We’re all aware of what sounds barnyard and household animals make. Mastering the recognition of a meow or a woof are general staples to the understanding of language. Norwegian comedy duo pokes fun of this in the recent pop hit, The Fox (also known as What Does the Fox Say?)
I want to figure out the whole infographics thing. So when my friend decided to do coverage of Ylvis’ The Fox, I decided I should probably do something on the topic too. The song is too infectious and chirpy for me to stay away. The video raises some interesting kick-backs to other elements we see in pop culture.
Children learn the sounds animals make early in their language building education. Different cultures have different calls. Dogs says woof in English and in Mandarin they say wang-wang. Children’s toys and literature enforce the onomatopoeia the appropriate languages suggest. Companies produce toys with levers that shout animal sounds when they land images of the animal.
Even while people moved away from the farms and into the cities, knowing the sounds and names of barnyard animals remains a staple of language. If you’ve never seen a goat in person, what use is it to know what noise they make?
Recognizing the phenomenon of humans placing significance on recognizing animal calls allows us to question ourselves accordingly. While watching parody videos of TED Talks the other day, I came across an Onion piece titled “Ducks Go Quack, Chickens Say Cluck”. (If you’re not familiar with TED, it’s a series of inspirational/motivational speakers talking on innovation etc. Sometimes they use similes to drive points home.) The Onion drew attention to how ridiculous some of these videos can be.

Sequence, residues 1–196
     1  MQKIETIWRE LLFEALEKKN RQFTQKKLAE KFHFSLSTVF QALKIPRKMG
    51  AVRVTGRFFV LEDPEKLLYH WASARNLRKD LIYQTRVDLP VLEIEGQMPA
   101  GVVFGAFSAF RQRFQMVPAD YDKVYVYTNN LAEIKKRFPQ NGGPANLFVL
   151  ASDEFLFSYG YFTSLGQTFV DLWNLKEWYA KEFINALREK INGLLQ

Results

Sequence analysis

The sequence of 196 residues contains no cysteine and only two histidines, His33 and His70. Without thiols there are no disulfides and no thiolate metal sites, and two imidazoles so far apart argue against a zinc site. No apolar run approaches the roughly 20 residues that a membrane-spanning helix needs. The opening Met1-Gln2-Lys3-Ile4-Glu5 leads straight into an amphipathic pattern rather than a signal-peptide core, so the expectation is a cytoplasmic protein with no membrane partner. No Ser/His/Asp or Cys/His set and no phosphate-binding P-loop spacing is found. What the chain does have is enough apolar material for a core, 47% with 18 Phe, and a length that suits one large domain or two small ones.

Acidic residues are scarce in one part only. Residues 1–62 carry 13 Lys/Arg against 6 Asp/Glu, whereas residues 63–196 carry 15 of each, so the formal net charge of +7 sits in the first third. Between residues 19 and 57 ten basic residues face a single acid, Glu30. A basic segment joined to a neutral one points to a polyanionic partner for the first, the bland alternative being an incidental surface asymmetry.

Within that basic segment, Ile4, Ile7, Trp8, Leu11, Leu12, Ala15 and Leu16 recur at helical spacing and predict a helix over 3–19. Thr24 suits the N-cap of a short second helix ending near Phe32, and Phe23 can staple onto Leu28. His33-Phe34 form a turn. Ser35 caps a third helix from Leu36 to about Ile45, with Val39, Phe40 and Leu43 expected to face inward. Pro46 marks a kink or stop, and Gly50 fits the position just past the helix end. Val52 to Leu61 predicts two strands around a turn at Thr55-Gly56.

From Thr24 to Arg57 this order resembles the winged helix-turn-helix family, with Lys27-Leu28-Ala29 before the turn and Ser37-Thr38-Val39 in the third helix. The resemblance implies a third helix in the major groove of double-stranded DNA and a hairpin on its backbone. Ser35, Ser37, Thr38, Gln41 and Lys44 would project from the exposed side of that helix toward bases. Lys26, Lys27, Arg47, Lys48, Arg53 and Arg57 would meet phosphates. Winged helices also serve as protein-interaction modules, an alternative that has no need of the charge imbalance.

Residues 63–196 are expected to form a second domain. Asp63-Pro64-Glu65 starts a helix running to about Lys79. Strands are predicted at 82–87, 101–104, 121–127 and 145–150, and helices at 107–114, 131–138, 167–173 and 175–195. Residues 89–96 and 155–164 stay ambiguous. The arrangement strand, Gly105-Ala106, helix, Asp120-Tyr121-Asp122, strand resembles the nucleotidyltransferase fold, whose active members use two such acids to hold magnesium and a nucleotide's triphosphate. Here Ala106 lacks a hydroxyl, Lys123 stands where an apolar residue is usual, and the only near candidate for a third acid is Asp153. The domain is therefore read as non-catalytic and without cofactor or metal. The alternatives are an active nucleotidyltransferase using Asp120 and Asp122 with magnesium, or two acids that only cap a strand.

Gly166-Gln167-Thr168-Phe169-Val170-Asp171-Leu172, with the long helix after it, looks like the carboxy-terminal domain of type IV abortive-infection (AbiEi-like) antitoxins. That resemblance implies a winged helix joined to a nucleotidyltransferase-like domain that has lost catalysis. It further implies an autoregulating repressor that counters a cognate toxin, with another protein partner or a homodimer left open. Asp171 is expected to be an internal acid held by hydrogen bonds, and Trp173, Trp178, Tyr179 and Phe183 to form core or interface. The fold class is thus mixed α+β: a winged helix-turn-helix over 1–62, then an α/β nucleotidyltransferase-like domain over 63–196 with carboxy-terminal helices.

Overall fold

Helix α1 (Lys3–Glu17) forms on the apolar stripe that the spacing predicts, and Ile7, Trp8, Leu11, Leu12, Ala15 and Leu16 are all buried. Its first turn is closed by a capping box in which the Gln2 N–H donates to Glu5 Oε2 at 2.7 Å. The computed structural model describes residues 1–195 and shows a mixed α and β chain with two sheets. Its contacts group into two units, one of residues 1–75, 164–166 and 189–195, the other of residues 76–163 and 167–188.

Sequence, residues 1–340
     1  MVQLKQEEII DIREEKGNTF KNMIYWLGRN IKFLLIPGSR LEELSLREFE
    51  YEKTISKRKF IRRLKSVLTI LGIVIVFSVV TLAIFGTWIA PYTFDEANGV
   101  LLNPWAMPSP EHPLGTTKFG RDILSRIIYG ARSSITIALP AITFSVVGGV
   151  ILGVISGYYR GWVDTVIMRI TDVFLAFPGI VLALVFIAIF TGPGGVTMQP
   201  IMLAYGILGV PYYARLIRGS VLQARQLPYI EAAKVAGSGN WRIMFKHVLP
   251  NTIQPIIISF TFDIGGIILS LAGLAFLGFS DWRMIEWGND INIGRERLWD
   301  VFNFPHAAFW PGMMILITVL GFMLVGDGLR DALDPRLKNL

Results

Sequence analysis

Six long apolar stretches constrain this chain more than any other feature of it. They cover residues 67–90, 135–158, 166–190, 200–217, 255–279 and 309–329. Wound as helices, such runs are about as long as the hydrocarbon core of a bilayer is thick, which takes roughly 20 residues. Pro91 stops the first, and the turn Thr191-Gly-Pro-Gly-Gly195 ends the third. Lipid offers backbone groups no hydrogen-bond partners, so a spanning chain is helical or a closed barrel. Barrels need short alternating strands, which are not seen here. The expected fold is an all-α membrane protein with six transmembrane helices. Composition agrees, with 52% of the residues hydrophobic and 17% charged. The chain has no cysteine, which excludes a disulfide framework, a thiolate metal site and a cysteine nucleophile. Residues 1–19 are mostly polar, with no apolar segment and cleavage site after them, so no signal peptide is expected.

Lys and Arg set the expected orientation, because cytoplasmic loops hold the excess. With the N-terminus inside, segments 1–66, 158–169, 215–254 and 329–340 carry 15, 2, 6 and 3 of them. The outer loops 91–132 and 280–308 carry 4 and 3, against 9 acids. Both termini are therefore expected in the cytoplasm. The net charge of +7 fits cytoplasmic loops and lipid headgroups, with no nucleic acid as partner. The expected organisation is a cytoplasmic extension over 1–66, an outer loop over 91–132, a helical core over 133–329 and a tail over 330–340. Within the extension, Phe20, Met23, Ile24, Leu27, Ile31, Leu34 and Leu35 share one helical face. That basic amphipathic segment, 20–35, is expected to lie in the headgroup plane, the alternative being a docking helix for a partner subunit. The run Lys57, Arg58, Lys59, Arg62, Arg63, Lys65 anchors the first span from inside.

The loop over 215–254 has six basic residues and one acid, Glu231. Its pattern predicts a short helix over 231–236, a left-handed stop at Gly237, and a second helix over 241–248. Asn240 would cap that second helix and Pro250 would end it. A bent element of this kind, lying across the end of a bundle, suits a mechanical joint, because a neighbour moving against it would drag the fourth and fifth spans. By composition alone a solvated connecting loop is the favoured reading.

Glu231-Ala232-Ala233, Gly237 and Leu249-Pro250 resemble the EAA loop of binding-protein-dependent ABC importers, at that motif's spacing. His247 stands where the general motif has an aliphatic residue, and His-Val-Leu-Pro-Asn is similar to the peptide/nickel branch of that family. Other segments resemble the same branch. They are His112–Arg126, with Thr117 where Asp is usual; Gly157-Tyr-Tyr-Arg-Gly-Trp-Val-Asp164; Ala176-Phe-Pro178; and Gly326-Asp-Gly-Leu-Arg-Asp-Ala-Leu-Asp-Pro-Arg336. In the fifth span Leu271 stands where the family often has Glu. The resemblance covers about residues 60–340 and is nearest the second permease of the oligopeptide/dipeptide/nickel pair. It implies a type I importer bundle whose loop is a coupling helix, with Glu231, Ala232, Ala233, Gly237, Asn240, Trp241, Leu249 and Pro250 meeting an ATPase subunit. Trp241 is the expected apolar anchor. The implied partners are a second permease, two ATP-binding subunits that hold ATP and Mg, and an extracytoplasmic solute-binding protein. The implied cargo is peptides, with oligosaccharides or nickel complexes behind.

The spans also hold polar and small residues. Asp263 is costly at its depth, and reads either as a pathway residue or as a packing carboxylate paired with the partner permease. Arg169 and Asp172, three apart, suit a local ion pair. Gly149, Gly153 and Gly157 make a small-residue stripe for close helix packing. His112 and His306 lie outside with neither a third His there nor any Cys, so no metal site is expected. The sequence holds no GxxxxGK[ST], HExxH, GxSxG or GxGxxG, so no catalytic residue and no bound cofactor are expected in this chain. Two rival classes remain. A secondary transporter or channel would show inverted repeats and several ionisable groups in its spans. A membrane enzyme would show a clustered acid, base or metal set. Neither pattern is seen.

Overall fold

Ylvis’ drives home a similar message as ‘Ducks Go Quack, Chickens Say Cluck.’ However, it’s more investigative and catchy. I don’t think I’ll ever get the chorus out of my head.
Welcome to the party
The music video was high production value and was done in exchange for favors. It has two main settings: a strobe-lit forest and a costume-themed party. The forest heavily resembles the forest we see in the Twilight saga. The strobe lighting makes it look pretty eerie. Were these things intentional? Probably not. I’m just saying that that’s what stood out to me.
Edward + Bella 4 lyfe.
Getting down to copy and vectors
The first thing I sought to do was pick out a color scheme. Two main images stood out to me: when the the question “What does the fox say?” is first brought up and when the figures are dancing in the forest. I pulled screen grabs of those images and decided to draw my color scheme from there.
I decided to mix the two when it came to the infographic. If I do a follow-up, I would like to focus on using more of the second color palette. I don’t know if there would be a way to use engage of the top palette.
I couldn’t decide what to do with the background. Originally it was white, then I decided that dark blue worked pretty well. I think it worked because it lines up with the background in the music video.
I struggled with finding the appropriate copy to accompany the images. In the end, I pulled everything from wikipedia. But these aren’t necessarily facts worth doting over. As time passes, I’m hoping more interviews will come and go with Ylvis as the subject. Then I’ll be able to find more obscure information and possibly be able to outsource from other places than wikipedia.
This infographic was an ok starting point. It didn’t do very well on tumblr. The post garnished 8 notes (one of them was me reblogging for visibility). I think one of the main problems was posting it on a new account that doesn’t have any followers. Also, I posted it as a stand-alone image. Future posts may benefit from smaller images combined to make a series, like the Toontown Rewritten tumblr set.
All together, this was good practice. I had more reblogs than I expected. I’m going to try and do more infographics that include statistics.